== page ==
According to an analysis by Public Citizen using inflation-controlled data, the 2020 annual $686 billion U.S. goods and services combined trade deficit was more than 30% larger than the $524.8 billion deficit in 2016, before President Donald Trump entered office. Notably, the 2020 U.S. trade deficit with China is 16.9% smaller than during the last year of the Obama administration and down more than 11% in inflation-adjusted terms from 2019 after another year of tariffs on hundreds of billions in Chinese imports. However, imports of goods from other countries grew 15% from $531.8 billion in 2019 to $611.6 billion in 2020.
The large jump in the 2020 overall deficit is notable because the COVID-19 pandemic led to a 12.2% decrease in trade flows overall. The U.S. 2020 goods and services trade deficit is also larger than the 2019 figure by 16.1%.
A fall in global trade volumes is expected to reduce the size of trade imbalances. However, U.S. exports – particularly of services – declined more than imports declined during the COVID economic shock, leading to the widening deficit. Lockdowns and travel restrictions had a dire impact on services such as tourism, transport and education, which are a significant share of U.S. service exports. Yet Americans still had to import many of the basic goods needed to battle the COVID-19 crisis.
Public Citizen’s analysis of the new U.S. Census Bureau trade data also showed:
- The U.S. trade deficit in goods jumped in 2020 from $885.2 billion in 2019 (inflation-adjusted) to $925.8 billion in 2020, a 4.5% increase. The 2020 deficit in goods is up 13.2%, compared to 2016’s pre-Trump figure ($817.8 billion in inflation-adjusted dollars), and it is the largest trade-in-goods deficit since 2008.
- The U.S. trade surplus in services fell from $294 billion in 2019 (inflation-adjusted) to $237 billion in 2020, a 19.4% reduction. Among the sectors that lost the most were tourism and education.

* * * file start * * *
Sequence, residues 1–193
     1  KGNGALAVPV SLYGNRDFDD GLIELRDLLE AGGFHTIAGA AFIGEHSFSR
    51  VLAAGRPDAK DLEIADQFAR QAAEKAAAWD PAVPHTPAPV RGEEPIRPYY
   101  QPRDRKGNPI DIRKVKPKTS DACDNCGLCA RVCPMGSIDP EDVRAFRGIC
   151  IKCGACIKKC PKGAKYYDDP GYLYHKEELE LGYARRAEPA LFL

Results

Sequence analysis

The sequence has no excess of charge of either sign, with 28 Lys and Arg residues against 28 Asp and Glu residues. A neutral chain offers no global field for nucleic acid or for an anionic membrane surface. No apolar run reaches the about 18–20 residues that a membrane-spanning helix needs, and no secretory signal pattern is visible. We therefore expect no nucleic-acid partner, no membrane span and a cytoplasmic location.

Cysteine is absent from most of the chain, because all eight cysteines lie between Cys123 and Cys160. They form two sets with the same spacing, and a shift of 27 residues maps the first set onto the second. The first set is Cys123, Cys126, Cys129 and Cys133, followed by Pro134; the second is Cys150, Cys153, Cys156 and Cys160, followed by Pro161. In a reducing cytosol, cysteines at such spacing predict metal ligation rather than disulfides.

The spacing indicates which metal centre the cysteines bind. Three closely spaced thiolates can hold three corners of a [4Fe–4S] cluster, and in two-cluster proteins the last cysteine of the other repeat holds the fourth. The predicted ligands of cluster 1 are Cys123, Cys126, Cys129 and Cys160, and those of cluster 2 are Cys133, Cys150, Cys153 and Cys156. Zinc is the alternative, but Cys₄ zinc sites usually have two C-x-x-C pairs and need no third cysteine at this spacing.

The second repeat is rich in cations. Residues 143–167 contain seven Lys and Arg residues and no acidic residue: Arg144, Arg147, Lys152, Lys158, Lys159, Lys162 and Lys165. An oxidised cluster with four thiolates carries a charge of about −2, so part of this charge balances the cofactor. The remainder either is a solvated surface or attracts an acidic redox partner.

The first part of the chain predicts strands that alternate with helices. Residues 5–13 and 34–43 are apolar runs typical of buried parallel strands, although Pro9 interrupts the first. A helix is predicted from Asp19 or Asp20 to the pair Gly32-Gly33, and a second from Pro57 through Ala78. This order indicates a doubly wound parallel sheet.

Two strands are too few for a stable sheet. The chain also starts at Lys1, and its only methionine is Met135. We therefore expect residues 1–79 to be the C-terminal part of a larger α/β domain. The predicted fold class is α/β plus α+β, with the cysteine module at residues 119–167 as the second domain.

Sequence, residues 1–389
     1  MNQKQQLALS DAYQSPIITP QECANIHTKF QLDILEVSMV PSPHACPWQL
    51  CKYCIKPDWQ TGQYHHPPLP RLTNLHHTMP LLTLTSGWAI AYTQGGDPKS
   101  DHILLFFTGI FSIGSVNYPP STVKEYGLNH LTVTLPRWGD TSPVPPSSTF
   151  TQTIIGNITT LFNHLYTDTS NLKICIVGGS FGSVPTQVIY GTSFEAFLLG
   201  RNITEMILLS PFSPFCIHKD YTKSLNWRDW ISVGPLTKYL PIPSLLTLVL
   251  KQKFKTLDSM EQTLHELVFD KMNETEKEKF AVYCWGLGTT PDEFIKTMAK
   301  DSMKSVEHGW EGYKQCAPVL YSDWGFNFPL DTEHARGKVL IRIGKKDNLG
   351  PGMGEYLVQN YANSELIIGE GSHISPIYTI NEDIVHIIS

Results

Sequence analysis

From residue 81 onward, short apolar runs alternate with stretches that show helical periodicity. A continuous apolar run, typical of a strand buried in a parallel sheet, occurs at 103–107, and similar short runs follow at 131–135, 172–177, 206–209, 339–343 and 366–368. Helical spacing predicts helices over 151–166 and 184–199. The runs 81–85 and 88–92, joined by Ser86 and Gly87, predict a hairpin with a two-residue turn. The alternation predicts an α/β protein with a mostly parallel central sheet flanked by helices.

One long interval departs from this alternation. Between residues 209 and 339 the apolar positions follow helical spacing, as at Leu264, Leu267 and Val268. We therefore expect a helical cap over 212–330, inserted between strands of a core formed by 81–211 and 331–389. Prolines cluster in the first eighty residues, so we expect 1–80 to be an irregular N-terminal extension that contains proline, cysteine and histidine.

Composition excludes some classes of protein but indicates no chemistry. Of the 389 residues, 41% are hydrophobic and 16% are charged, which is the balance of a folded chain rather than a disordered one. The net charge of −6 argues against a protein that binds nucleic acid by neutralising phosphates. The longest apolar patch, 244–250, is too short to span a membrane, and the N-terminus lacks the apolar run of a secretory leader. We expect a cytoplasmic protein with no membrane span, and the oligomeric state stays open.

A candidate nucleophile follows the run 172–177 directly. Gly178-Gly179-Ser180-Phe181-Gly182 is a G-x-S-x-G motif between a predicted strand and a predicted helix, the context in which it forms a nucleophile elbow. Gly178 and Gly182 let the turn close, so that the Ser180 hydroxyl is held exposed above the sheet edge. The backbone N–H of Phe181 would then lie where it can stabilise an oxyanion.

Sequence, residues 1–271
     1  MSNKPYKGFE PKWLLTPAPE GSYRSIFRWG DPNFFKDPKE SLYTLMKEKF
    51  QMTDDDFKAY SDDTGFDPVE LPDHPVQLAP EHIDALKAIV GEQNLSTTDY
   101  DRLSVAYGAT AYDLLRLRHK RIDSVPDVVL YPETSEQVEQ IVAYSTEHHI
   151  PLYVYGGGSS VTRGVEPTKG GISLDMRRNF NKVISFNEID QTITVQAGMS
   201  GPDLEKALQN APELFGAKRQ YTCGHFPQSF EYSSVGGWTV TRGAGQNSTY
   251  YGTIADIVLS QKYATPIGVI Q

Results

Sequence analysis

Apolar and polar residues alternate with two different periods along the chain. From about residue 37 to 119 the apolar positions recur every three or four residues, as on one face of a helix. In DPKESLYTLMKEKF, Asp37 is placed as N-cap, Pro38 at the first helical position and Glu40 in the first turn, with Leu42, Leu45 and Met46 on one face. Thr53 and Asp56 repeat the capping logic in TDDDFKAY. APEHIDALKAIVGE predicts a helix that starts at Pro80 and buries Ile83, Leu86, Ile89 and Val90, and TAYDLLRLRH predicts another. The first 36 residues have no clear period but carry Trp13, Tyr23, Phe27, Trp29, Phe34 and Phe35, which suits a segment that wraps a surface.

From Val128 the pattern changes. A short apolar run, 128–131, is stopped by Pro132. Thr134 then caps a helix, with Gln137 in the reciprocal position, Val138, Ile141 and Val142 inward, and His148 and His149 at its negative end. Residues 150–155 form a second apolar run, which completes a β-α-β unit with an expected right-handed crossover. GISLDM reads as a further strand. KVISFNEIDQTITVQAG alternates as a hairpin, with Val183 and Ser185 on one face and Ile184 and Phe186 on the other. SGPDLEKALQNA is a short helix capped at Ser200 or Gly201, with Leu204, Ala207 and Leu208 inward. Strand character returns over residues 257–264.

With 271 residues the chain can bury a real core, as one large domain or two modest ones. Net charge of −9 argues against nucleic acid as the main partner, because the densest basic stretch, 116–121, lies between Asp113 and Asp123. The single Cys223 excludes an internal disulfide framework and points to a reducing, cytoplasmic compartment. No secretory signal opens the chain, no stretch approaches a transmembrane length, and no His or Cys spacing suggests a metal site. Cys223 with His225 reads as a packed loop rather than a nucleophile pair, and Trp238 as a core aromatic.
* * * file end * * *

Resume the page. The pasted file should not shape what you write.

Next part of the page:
- The China trade-in-goods deficit is down relative to Obama’s final year, but there is a “trade diversion” effect of imports increasing from other countries.
- The 2020 trade-in-goods deficit with China of $314.1 billion is 16.9% smaller compared to 2016, before Trump entered office when it was $378.1 billion in inflation-adjusted dollars. The China deficit is down more than 11% in inflation-adjusted terms from 2019 when it was $353.3 billion.
- In inflation-adjusted dollars, the goods trade deficit with the rest of the world (excluding China) increased from $531.8 billion in 2019 to $611.6 billion in 2020, a more than 15% rise. The deficits with South Korea, Taiwan, Vietnam, and Switzerland grew notably.
- The 2020 deficit in manufactured goods is 4.1% higher than in 2019 and 18% higher than in 2016.
- The trade-in-goods deficit with North American Free Trade Agreement (NAFTA) partners is 22% higher in 2020 relative to 2016 before Trump entered office. However, it is down 6.6% relative to 2019, even as Mexican exports to the United States began to expand significantly starting in June 2020. Adjusting for inflation, the U.S.-Mexico trade-in-goods deficit is $113.8 billion, whereas in 1993, before NAFTA began, the balance reflected a surplus for the United States of $2.9 billion.
- The trade-in-goods deficit with South Korea is 17% lower in 2020 relative to 2016, before Trump entered office. It is up 64% relative to 2011, before the U.S.-Korea Free Trade Agreement went into effect.
*Data Note: Trade data is sourced from the U.S. Census Bureau and the U.S. Bureau of Economic Analysis. We present deficit figures adjusted for inflation to the base month of December 2020 and expressed the data in constant dollars, so the figures represent actual changes in the trade balances.